The new All-Scotland Personal Injury Court has seen the first civil jury trial in the Sheriff Court since their re-introduction.
Civil jury trials in the Sheriff Court were originally introduced in 1907 for certain types of court action but were abolished in 1980. In 2015 they were re-introduced with the creation of the Personal Injury Court, which sits is in Edinburgh Sheriff Court. This new court was among a raft of significant reforms that came into effect in September 2015, following the Scottish Civil Courts Review led by Lord Gill.
The court has jurisdiction in PI cases exceeding £5,000, workplace-related PI actions exceeding £1,000, and any workplace-related PI case under £1,000 remitted to the all-Scotland court by a sheriff. At the same time that the new court was established the exclusive competence of the Sheriff Court increased to £100,000.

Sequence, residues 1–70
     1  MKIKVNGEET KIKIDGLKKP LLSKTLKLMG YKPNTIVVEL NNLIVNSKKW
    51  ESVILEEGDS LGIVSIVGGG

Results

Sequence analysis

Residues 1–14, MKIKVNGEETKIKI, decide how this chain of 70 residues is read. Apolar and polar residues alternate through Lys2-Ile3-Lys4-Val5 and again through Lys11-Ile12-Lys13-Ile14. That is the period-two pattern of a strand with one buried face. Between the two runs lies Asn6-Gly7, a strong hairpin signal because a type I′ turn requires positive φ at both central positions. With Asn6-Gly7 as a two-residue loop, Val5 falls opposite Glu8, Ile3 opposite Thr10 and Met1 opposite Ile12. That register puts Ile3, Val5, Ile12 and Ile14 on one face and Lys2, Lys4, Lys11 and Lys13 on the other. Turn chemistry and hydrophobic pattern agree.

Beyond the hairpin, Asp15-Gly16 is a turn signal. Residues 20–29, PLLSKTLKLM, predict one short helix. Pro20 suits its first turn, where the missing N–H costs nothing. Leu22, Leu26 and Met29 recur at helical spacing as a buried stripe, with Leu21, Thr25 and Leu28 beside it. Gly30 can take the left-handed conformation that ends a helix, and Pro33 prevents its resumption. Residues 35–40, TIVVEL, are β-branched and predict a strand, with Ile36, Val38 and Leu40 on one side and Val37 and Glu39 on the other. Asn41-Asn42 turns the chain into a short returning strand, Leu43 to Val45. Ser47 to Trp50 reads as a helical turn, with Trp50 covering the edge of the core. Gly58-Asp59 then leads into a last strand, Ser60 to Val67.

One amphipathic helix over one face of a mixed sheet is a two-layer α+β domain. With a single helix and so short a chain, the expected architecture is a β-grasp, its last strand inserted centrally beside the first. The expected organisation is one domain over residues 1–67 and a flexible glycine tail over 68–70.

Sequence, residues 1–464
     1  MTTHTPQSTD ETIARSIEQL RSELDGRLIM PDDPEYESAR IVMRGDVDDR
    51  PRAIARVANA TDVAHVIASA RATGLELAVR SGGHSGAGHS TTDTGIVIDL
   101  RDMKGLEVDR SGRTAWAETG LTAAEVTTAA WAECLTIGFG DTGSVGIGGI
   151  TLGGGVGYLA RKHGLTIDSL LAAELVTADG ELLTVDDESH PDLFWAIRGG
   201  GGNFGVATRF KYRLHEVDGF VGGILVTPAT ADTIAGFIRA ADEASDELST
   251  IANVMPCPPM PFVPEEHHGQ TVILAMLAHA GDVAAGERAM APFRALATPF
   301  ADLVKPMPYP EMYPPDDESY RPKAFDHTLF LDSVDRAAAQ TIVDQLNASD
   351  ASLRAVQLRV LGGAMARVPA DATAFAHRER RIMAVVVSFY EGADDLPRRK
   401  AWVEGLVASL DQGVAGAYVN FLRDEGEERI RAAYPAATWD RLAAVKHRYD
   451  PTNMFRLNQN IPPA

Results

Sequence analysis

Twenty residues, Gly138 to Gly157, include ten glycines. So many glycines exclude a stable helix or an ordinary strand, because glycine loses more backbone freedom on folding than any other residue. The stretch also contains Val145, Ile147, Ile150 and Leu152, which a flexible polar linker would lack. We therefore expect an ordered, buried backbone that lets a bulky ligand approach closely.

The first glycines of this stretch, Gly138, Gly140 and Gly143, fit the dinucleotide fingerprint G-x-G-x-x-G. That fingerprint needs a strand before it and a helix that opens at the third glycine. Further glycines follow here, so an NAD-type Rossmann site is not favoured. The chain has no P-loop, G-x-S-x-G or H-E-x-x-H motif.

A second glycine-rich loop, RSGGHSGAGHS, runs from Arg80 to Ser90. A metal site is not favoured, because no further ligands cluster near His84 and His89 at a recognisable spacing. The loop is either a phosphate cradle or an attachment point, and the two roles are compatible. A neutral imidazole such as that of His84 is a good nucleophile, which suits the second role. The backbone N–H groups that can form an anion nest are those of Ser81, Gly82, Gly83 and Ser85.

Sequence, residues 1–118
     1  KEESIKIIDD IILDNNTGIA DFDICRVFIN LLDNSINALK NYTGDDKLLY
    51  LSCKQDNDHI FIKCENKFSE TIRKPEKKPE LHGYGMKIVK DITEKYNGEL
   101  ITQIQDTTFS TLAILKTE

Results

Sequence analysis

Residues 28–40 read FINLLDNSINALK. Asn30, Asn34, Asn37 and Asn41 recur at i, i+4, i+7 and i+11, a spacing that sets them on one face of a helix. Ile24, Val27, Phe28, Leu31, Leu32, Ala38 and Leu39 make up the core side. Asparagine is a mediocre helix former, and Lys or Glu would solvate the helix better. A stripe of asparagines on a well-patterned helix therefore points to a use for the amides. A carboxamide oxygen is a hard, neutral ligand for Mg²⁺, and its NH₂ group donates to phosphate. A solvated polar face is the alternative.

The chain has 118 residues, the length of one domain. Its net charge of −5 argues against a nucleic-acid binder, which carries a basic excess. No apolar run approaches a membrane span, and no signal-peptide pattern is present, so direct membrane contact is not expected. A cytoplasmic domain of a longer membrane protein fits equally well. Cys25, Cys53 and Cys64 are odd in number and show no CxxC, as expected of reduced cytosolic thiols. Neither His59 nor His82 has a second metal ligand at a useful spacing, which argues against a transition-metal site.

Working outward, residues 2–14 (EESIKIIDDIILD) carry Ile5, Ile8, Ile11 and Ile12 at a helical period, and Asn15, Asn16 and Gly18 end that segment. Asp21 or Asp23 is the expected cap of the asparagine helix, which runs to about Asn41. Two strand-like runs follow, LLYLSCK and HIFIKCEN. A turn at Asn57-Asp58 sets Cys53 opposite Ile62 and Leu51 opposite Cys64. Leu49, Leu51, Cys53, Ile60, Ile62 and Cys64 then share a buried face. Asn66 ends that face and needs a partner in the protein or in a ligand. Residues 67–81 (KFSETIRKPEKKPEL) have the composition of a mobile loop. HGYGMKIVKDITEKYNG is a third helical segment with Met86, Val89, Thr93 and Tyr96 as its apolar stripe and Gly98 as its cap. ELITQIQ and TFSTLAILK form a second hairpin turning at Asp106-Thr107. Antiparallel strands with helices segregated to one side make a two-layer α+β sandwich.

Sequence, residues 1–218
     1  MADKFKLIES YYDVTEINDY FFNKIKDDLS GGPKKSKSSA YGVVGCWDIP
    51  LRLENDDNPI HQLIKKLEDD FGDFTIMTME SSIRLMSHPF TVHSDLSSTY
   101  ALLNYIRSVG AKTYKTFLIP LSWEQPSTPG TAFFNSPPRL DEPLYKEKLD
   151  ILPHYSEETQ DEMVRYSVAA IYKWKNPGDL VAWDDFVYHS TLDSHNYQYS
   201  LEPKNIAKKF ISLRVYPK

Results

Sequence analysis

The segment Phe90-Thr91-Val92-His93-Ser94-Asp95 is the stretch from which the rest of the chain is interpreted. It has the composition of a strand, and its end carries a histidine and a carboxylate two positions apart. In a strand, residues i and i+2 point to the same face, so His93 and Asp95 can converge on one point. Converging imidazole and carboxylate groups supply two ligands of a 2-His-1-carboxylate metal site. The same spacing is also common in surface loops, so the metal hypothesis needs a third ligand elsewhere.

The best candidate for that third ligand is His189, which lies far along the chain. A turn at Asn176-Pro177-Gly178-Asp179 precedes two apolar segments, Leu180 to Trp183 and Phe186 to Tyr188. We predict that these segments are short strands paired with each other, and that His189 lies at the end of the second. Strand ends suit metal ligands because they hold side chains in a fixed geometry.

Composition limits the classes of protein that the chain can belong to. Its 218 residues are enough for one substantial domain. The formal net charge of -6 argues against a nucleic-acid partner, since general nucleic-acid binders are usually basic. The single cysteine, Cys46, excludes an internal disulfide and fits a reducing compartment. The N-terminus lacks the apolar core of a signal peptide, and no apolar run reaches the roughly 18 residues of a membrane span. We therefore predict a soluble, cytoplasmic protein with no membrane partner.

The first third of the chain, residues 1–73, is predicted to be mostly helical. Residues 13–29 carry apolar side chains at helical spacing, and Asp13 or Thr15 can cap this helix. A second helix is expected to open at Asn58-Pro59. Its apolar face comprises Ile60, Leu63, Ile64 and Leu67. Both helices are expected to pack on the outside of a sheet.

Personal injury actions can still be lodged in local courts, but new rules were made to allow civil jury trials and to allow e-motions in the Sheriff Personal Injury Court.
The first civil jury trial in the PI Court was presided over by Sheriff Kathrine Mackie.
In the case the pursuer claimed damages for injuries suffered by her son while playing in his primary school playground.
Damages were agreed at £15,000 on full liability, and while it was admitted that the child had had an accident in which he suffered an injury to his leg, the local authority denied liability.
The jury returned a verdict in favour of the pursuer, but they found the child to have contributed to the accident to the extent of 96.5%.
For expert legal advice on personal injury court cases, then contact our specialist personal injury lawyers today.